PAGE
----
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Old 06-13-2014, 02:54 PM
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Default We are about to be the new converts to Raw

Looks like we will be switching to raw in about a week. Sheena has developed allergies to her kibble and I am not comfortable at her age going through kibble after kibble trying to find one that will work. Esspecially while watching her itching and suffering. So as of next Friday, and thanks to Luka's owner who is coaching me about feeding raw(Which Luka is on and looks gorgeous on by the way, I will ask her if I can post an updated picture for all those here who remember Luka and miss him) we will be switching both Daya and Sheena to a raw diet. Wish us luck.
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Old 06-18-2014, 06:59 AM
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Great change! Are you going prey model, BARF or commercial raw? My preference is prey model, but the other two are better than kibble for the most part as well.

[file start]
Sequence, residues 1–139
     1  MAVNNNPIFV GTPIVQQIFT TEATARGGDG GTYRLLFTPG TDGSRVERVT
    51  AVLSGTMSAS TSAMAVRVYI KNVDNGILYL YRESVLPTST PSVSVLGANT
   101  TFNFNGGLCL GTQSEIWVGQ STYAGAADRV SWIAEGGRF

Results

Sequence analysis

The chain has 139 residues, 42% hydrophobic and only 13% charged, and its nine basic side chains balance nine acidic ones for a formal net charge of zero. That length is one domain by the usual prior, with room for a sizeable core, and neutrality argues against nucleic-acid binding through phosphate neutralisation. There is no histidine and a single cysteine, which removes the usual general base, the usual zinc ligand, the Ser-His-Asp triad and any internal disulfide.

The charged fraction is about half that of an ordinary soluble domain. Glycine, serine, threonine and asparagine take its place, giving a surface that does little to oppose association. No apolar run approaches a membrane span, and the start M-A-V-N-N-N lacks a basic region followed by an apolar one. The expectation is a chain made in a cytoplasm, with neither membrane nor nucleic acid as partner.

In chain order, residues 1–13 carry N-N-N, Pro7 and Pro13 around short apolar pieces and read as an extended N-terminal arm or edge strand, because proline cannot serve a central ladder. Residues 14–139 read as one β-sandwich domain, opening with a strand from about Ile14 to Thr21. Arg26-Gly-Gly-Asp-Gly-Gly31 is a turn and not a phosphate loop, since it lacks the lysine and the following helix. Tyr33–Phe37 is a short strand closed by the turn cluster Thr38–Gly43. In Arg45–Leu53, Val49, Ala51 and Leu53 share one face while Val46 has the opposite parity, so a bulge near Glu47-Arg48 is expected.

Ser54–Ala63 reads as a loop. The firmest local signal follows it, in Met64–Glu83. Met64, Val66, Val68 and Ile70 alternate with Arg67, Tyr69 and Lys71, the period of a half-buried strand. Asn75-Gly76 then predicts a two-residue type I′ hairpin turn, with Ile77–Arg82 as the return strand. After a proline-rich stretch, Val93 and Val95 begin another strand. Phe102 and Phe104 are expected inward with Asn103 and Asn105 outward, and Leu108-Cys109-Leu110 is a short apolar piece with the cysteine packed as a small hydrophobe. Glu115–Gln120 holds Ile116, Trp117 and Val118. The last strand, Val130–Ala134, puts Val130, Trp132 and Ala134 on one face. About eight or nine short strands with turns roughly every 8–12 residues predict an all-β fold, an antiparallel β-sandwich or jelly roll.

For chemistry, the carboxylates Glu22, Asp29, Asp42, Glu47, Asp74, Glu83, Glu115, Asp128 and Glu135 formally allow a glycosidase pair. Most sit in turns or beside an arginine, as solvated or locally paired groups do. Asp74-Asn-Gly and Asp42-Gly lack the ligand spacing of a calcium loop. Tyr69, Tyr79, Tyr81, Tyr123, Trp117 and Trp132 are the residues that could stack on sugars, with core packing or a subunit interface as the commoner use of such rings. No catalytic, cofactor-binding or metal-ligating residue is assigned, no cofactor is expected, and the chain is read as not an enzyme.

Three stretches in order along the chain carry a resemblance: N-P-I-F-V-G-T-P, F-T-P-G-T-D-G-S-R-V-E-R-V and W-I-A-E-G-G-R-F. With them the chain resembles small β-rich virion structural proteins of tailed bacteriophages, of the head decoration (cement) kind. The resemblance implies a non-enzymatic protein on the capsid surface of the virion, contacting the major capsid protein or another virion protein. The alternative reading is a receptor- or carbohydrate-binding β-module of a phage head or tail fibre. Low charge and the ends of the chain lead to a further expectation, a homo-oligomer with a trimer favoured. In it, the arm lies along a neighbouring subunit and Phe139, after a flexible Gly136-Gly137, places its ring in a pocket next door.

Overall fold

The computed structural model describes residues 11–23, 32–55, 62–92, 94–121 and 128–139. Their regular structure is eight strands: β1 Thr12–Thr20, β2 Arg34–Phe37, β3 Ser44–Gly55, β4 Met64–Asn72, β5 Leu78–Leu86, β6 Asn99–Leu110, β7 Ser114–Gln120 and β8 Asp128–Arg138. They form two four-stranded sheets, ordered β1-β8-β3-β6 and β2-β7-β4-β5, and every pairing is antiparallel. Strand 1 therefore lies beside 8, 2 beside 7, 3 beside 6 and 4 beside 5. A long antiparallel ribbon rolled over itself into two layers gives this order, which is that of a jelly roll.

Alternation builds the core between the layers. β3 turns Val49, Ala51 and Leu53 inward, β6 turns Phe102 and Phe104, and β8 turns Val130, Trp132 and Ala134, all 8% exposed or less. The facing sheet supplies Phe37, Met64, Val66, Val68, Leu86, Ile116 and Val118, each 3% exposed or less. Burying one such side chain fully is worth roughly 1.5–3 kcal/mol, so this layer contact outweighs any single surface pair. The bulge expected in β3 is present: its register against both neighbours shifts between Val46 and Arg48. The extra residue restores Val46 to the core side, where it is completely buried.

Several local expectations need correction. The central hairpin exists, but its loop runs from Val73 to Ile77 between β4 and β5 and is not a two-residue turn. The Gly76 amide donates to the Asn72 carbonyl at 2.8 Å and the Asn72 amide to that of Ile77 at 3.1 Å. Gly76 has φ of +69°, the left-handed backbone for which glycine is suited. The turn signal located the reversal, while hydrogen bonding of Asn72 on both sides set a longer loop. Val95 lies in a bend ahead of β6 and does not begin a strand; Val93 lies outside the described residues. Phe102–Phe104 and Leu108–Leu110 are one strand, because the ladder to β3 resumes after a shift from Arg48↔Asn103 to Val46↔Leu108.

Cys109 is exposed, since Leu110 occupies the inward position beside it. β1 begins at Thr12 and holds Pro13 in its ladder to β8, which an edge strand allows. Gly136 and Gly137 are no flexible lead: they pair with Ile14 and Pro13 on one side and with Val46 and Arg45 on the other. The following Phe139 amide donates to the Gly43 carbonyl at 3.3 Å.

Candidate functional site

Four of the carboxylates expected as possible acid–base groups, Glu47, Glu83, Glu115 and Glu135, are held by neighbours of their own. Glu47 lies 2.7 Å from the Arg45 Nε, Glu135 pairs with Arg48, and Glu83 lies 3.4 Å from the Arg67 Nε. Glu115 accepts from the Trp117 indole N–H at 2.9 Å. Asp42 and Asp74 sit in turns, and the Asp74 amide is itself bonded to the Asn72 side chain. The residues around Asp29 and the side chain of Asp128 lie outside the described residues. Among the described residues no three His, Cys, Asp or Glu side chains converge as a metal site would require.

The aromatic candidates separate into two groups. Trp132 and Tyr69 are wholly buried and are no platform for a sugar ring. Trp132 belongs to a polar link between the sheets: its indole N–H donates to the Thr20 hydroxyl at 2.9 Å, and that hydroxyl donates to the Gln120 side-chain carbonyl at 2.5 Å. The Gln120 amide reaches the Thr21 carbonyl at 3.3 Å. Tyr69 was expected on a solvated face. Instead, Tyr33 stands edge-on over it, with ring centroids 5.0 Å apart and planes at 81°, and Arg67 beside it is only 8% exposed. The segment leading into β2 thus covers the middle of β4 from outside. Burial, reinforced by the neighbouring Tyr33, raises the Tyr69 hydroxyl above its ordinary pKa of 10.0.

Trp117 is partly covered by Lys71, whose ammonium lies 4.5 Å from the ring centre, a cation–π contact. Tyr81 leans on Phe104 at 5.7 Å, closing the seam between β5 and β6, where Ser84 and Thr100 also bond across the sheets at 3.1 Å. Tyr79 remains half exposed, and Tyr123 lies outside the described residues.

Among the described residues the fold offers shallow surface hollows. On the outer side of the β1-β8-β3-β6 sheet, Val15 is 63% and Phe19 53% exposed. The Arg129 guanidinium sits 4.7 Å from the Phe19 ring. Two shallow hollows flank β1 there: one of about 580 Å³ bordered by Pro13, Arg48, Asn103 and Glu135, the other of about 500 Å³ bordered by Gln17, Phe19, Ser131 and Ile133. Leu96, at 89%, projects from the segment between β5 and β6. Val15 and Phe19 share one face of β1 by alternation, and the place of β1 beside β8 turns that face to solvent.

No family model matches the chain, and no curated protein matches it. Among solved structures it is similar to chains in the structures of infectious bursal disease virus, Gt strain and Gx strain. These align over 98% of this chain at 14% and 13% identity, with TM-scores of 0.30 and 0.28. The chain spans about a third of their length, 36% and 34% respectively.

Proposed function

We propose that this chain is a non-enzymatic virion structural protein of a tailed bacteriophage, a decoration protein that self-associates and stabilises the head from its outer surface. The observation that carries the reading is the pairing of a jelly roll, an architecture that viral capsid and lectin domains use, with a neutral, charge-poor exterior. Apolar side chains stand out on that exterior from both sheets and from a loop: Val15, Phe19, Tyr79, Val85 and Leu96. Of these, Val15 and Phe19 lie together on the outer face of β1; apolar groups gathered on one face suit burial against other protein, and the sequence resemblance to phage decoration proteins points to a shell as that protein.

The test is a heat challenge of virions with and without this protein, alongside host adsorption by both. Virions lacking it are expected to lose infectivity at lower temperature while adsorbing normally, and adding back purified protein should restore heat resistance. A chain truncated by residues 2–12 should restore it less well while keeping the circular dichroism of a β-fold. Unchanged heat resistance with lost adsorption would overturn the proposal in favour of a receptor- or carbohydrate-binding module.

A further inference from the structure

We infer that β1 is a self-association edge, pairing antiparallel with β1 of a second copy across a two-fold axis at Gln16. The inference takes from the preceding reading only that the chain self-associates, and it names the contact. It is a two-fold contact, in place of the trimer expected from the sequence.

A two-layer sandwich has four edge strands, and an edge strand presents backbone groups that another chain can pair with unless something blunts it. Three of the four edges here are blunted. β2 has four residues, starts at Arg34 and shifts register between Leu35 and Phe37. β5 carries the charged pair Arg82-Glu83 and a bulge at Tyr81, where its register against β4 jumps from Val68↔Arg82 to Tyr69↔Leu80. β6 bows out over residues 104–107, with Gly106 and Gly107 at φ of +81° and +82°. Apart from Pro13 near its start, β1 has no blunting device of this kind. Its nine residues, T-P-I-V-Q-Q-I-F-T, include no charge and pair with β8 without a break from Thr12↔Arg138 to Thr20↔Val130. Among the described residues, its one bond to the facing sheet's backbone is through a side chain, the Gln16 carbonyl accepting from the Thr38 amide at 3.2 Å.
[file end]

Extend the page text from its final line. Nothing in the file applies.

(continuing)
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Old 06-18-2014, 12:31 PM
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I think it will be the commercial type plus tripe, raw chicken, beef and beef bones. I don't know what BARF or prey model is. Could you describe?
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Old 06-20-2014, 09:24 AM
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Here is a site with info for you...http://preymodelraw.com

Commercial raw is expensive, and like kibble you will usually have other unecessary ingredients added. You have no control as to how much of what goes into it.

BARF has ground meat, fruits and veggies which are also not needed in a dogs diet. They aren't designed to be able to digest fruits and veggies well enough to make a dfference.

Prey model is whole chunks of raw raw meat/bones/organs. All of which are how dogs are designed to eat. No more is added. It's meant to imitate the way they eat in the wild. The link I gave you explains more about the differences, and has a getting started guide along with forums that are really helpful.